the plurality of lens elements have sufficient optical powers, spacings and radii of curvature to provide for a zoom ratio ZR=ft /fw greater than 2.5 and to maintain an overall compactness so that Lv /ft< 0.9, where Lv is the distance from the front vertex of the zoom lens to the film plane in the telephoto position and ft is the focal length of the zoom lens in the telephoto position and fw is the focal length of the zoom lens in the wide-angle position.
12. A zoom lens according to claim 11, wherein said positive lens element of said front lens unit is a frontmost lens element.
13. A zoom lens according to claim 12, wherein:
said lens elements of said front lens unit are a positive power lens element with a convex surface oriented towards an object side and a negative power lens element with a concave surface oriented towards said middle lens unit; and
the lens elements comprising said middle lens unit and said rear lens unit are, in order from the front lens unit, a meniscus lens element having a concave object side surface, a biconvex lens element, and a negative lens element with a concave object side surface and an image side surface, said concave object side surface having a smaller radius of curvature than said image side surface.
14. A zoom lens according to claim 13, wherein said meniscus lens element and said biconvex lens element form said middle lens unit; and said negative lens element with said concave object side surface forms said rear lens unit.
15. A zoom lens according to claim 14, having at least one aspheric surface in each of said lens units.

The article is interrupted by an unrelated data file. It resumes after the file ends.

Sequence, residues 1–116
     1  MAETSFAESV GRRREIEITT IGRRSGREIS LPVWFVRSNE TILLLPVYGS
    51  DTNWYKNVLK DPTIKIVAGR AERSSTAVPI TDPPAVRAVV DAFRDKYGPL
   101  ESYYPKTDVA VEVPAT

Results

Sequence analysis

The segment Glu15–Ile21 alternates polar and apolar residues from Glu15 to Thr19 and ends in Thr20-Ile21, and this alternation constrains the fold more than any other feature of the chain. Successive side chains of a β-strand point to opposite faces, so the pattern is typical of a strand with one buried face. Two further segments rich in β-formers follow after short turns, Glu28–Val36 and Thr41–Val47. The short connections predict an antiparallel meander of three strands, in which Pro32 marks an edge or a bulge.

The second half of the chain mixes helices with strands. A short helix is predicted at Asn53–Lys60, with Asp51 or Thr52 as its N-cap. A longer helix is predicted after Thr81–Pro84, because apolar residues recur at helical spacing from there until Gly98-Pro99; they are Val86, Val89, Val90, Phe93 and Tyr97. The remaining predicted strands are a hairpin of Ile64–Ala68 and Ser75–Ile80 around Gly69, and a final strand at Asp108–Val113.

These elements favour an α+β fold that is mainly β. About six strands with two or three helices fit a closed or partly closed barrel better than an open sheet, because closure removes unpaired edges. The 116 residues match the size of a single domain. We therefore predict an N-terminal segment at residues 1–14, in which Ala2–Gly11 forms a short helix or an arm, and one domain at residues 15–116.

16. A zoom lens according to claim 15, wherein fw< 29 mm and said zoom lens has a maxiumu 1/2of view that is at least 30 degrees.
17. A zoom lens according to claim 14, further having an aperture stop which moves integrally with lens elements of said front lens unit.
18. A zoom lens according to claim 17, having at least two aspheric surfaces.
19. A zoom lens according to claim 17, having at least one aspheric surface in each of said lens units.
20. A zoom lens according to claim 17, wherein said zoom lens has only 5 lens elements and fw< 29 mm.
US09/204,847 1998-12-03 1998-12-03 Zoom lens Expired - Lifetime US5999330A (en)

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US6151171A (en) * 1999-03-31 2000-11-21 Eastman Kodak Company Zoom assembly having zoom lens with plurality of lens group that move together or differentially for zooming and focusing
US6433937B1 (en) * 1999-03-15 2002-08-13 Olympus Optical Co., Ltd. Optical system
US20050152048A1 (en) * 2002-08-05 2005-07-14 Kiichiro Nishina Lens for reading an original, method and apparatus for reading an original, and image forming apparatus
US20130250160A1 (en) * 2012-03-25 2013-09-26 Iain A. Neil Zoom lens with forward-located aperture stop

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US9250422B2 (en) * 2012-03-25 2016-02-02 Iain A. Neil Zoom lens with forward-located aperture stop